Shaun Duke — who was kind enough to do a podcast interview with me last spring for his website skiffyandfanty.com — recently wrote an essay — “Self-Published Books vs. Literary Awards: A Logistical Problem?” It was a post that I found … troubling.
The main point of the essay is that there are so many books being published, both traditionally and independently, that logistics do not allow all books to be considered for literary awards, and that the simplest way to narrow the field and make the administration of an award more feasible is to limit that award to traditionally published books. My experience is with science fiction and fantasy, and in our field awards tend not to have this limitation. I would very much like to keep it that way.
I understand both the urge and the need of an awards committee to limit the number of qualified books and qualified authors. Every annual award presumably faces this challenge every year, because just the number of traditionally published books alone is staggering, and there will always be far more possible contenders for any award than there is time to consider them all.
The awards that might have the possibility of getting closest to the ideal of universal consideration may be the publically-voted awards like the storySouth Million Writers Award for short stories or the Locus Awards — but it’s not as if those who participate in the voting have read all the books. That will never happen with any award. The likely result is that awards like these probably have a very long-tail effect, in which many books and stories get only one vote, while a few, by better known authors, do far better.
The way I see it, there are two main purposes to a literary award: (1) to bring attention to specific books and authors, and by so doing (2) to shape the genre. Whether (1) & (2) come to pass or not, neither purpose is harmed or diminished by consideration of a self-published work.
Shaun asks: “why would SPed authors want to win these awards anyway?” That’s an easy one to answer: for the publicity and for the credibility. Every writer – traditional or not – is desperate to be better known, to sell just a few more copies. Some awards are great for this purpose; others, I’m sure, don’t make much difference to the bottom line, but can still be a moral victory. As for credibility, Shaun notes that “There’s crap in traditional publishing, too, but my experience has always been that it’s much easier to find good things in traditional publishing, whereas the inverse is still true in the self-publishing world.” This is still a common assumption, so credibility is extremely important for a writer who chooses to publish her own work.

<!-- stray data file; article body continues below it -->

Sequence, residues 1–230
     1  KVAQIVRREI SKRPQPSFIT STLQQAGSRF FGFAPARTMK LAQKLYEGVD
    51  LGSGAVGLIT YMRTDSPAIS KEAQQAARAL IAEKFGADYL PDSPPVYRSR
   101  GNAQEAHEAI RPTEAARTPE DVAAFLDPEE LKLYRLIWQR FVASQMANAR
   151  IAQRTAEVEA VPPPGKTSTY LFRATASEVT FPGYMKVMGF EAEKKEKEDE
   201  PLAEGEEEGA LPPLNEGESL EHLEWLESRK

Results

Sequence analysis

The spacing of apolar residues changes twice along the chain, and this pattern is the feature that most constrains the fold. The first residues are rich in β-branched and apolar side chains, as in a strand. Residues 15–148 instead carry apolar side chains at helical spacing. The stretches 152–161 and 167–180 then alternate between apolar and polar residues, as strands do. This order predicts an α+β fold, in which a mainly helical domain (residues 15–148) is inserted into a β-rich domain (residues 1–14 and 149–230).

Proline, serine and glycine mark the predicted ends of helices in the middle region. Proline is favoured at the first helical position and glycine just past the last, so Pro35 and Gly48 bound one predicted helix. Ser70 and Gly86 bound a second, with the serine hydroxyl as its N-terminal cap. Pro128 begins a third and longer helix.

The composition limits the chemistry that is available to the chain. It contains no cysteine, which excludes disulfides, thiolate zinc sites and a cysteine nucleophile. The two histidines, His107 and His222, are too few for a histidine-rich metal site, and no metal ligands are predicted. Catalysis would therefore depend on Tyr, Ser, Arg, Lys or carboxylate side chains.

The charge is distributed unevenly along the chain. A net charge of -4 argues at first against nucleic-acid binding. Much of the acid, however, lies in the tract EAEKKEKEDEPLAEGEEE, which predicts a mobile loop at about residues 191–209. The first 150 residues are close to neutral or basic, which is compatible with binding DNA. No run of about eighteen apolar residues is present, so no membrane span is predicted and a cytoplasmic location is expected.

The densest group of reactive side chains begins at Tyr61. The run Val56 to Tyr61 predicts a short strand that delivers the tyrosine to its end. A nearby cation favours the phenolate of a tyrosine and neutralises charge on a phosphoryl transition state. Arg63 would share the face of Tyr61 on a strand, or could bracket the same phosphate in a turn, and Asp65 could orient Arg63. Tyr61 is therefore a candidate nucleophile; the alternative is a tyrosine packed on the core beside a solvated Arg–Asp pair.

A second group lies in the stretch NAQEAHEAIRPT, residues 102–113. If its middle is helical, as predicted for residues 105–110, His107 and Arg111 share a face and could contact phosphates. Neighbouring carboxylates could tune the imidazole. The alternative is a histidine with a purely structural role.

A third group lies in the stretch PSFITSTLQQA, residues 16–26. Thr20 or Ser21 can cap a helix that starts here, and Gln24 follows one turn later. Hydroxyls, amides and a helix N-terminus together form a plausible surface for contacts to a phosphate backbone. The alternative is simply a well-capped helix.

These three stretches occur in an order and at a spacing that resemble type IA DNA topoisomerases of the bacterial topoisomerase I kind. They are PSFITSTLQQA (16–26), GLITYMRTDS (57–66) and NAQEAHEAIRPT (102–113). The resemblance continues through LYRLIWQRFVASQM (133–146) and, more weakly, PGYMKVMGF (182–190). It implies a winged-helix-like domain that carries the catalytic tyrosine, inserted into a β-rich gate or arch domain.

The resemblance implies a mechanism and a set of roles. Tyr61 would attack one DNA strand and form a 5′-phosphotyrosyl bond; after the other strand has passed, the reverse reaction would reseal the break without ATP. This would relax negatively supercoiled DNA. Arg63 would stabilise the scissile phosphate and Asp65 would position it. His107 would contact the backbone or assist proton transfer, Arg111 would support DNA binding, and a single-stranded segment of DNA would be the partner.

I’m an author of six traditionally published science fiction novels, but with my last three novels I’ve turned to self-publishing, not because I think my new work is inferior, but because the business model makes more sense to me, and having more control over the production of my work makes me vastly happier. I am not now and have never been a well-known writer, so winning another award would definitely be a boost to my career. But if the open nature of the awards in our field change so that only books that come up through “the system” can be considered — that would consign me and former midlist writers like me to an outsider status because we’ve decided to do things a bit differently. Then, the only way to be taken seriously as a writer within the genre would be to return to traditional publishing, giving up creative control, and in many cases, making less money.
All that said, the problem Shaun noted still exists: too many books are published to consider all of them for awards. But it’s always been that way. Only select books are ever truly considered for most awards, and especially for juried awards. How are those selections made? Traditional publishers might pick what they consider their best two or three books. Other books might get positive word-of-mouth or recommendations from respected authors, or they might earn a spot because the author has a reputation as a novelist or short story writer. This is the old way of doing things, and while it isn’t entirely fair either, it at least avoids arbitrarily disqualifying books simply because of the way they came into print.